Lessons From Leicester: Decoupling Indian Identity From South Asian
Unfortunately, what happened in Leicester is not the first or last episode.
The first step in solving the problem lies in decoupling Indian and South Asian identities.
Political and economic assertion, by Indians and for Indians must begin now.
In one of the early episodes of The West Wing, President Jed Bartlet, essayed by Martin Sheen, elaborates on ‘Civis Romanus’ before his Chief of Staff.
Bartlet, angered by the attack on the US Air Force convoy that killed a few soldiers, elaborates on how, two thousand years ago, a Roman citizen could walk anywhere in the world without the fear of being molested and was guarded by two words alone; ‘Civis Romanus’, which translated into ‘I am a Roman citizen’.
Such was the fear of the empire, and its retribution, across the world that no citizen was ever harmed.
After the Leicester episode, radical groups announced a protest in Birmingham on 20 September, calling all Muslims from all backgrounds (as the text read on the poster) to stand up against Hindus attacking innocent Muslims.
The Durga Temple had been announced as Durga BJP/RSS Hindu Centre. The poster had the flags of Turkey, Bangladesh, Somalia, Pakistan, Afghanistan, and even Palestine. The South Asian identity, when it came to attacking a Hindu temple, had been conveniently tossed into a political dustbin.
The South Asian identity is a convenient political and cultural umbrella for many, especially those from Pakistan, Bangladesh, or Afghanistan. It is not uncommon for citizens from these three countries to downplay their national identities as they move to the West, given the political baggage that comes along.
For many, this identity is a gateway to ample economic opportunities. Indians, for several reasons, have drawn comfort from this political unison, but the Leicester episode must serve as a wake-up call.
For many in the West, the Leicester arsoning and violence is merely another instance of two South Asian communities quarrelling against each other.
The western fraternity is either driven by ignorance where they choose not to acknowledge the elaborate history of persecution of the Hindus by Muslims in several parts of the subcontinent for centuries, or is driven by woke guilt that forces them to side with the radicals while labelling the likes of RSS and BJP as fascist political arms of the Indian state.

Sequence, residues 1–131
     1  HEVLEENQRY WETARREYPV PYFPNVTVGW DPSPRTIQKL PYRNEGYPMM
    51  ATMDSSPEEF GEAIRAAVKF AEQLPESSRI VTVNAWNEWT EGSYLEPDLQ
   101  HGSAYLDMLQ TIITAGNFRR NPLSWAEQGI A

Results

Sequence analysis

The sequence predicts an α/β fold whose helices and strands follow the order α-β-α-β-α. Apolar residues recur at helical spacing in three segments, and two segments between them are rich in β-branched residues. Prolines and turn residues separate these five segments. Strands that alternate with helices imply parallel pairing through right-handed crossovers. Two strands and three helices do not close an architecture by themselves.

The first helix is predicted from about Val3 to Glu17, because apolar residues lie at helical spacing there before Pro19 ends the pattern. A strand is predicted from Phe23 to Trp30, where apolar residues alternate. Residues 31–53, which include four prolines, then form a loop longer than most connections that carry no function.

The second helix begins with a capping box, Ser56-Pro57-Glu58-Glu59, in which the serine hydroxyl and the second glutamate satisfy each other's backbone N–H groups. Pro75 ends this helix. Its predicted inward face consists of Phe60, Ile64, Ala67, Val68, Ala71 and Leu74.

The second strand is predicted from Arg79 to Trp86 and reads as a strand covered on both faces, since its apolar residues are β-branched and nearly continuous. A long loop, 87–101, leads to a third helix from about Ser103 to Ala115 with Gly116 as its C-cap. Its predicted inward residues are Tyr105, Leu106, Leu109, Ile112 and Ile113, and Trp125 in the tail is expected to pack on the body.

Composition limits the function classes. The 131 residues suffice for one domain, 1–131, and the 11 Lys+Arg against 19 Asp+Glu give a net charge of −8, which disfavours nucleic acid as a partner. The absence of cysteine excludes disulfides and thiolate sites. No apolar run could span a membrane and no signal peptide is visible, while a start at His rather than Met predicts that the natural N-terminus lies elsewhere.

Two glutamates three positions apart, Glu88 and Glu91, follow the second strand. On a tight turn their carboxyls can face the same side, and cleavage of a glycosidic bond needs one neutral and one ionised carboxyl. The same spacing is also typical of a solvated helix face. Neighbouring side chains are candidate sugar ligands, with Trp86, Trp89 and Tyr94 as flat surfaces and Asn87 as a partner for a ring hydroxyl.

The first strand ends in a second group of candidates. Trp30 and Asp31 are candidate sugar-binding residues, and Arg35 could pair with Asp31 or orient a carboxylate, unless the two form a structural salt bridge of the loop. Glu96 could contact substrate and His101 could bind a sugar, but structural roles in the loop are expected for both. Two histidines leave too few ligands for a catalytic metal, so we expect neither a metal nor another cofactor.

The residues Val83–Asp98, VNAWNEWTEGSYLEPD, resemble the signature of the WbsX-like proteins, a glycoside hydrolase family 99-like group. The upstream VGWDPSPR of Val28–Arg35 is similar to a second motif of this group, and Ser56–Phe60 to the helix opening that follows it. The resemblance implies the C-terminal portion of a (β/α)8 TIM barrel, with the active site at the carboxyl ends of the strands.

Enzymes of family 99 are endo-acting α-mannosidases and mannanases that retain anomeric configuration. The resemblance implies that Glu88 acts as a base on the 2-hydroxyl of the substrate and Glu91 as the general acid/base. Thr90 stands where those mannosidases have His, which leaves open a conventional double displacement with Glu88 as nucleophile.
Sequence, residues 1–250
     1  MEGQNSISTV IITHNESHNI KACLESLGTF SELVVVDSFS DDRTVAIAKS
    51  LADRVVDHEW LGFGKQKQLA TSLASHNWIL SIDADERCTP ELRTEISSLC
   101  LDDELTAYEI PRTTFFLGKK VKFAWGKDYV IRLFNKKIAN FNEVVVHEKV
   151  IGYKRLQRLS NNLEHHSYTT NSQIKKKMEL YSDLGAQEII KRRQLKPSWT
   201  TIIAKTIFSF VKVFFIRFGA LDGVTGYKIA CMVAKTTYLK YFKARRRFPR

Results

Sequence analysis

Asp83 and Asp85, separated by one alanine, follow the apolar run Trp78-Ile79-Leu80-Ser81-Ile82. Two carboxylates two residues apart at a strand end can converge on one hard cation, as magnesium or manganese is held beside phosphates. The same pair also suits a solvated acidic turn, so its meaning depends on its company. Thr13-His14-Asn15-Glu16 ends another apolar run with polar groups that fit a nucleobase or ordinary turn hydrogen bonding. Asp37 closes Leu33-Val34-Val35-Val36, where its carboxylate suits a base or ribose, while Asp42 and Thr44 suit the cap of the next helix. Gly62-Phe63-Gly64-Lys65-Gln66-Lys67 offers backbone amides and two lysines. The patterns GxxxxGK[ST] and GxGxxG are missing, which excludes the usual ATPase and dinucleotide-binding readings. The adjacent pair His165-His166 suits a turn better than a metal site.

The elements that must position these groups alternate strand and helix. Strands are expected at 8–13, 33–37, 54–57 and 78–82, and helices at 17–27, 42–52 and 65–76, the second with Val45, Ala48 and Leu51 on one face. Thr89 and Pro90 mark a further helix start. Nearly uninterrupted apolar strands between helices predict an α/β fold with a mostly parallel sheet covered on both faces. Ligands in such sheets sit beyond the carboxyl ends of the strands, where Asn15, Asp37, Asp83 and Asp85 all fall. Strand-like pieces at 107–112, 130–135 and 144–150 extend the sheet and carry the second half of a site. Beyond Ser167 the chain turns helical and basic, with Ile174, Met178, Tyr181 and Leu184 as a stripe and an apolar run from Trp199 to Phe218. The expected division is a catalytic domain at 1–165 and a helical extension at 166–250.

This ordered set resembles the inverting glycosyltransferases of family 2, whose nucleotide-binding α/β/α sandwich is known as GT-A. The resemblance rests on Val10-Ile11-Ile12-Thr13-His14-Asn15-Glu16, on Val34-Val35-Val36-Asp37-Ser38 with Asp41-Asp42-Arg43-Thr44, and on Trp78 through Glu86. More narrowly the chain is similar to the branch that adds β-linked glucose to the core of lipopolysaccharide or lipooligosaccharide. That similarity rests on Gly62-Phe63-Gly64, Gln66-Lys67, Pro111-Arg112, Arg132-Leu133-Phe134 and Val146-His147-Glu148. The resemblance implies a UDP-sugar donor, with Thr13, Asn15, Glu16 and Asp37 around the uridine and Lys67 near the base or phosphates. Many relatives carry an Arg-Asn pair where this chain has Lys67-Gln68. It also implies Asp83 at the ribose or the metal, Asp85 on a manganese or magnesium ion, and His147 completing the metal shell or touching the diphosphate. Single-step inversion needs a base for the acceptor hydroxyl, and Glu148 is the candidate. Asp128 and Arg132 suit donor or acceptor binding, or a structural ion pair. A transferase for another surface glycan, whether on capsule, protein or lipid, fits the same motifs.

Consequently, the Indian community is relegated to a distant second priority for the governments there. The Hindus are not even on the list. Thus, irrespective of who runs the grooming gangs in the United Kingdom, it becomes a problem of South Asian men.
Also, regardless of who advocates extremism in the United States, the labelling is reserved for the entire South Asian population. For Indians, this is a double whammy. Suffer the consequences of the crimes of citizens of other countries, and recede their cultural and economic space.
The Indians must discard this South Asian tag for three reasons.
One, as a five-trillion economy in the making, the assertion of the national identity must supersede that of the subcontinent. Indians, in no manner, are obligated to give citizens from Pakistan or Bangladesh a free pass.
Two, in the west, Indians feature in the top lists of wealth creators and enjoy tremendous political and economic clout, and they must now put it to use. These two factors must give Indian citizens abroad their version of Civis Romanus.
Finally, it is all about putting the Indian, and the Hindu cause ahead, along with that of the Jains, Sikhs, Parsis, and Buddhists.
Beyond having a Citizenship Amendment Act that must allow for the right of returns to citizens of these five communities to India from anywhere in the world, the government must partner with the diaspora by backing them to ensure that the Indian doesn’t get lost in the local politics.
This is not about discriminating against a community, for the diaspora will also have Indian Muslims, but getting the larger message across.
India’s version of Civis Romanus must be about exercising economic muscle as a country on a global level and as a community on a local level. The retribution may not be as violent as those in ancient times, but it must be as visible as possible on the economic front, and this is where exercising our market strength can also help.
Being Indians, citizens abroad must call out the atrocities committed by the radical groups in Pakistan, Afghanistan, and Bangladesh, to begin with and distance themselves in every way possible.
To push for India’s Civis Romanus is essential for one more reason.
While many in the West, and even in India, would want to reduce the episode in Leicester as a brawl that can be attributed to a cricket match, the Indian state and the communities there must not shy away from calling out the prevailing Hinduphobia, advocated by many citizens hailing from the three countries, who otherwise cloak themselves in the South Asian identity.
Hinduphobia is rampant in the West, and it must be called out by all stakeholders.
Unfortunately, what happened in Leicester is not the first or last episode, and there is no assured smooth sailing going forward, even if the culprits are convicted.
For the future, the first step in solving the problem lies in decoupling Indian and South Asian identities. Political and economic assertion, by Indians and for Indians must begin now.
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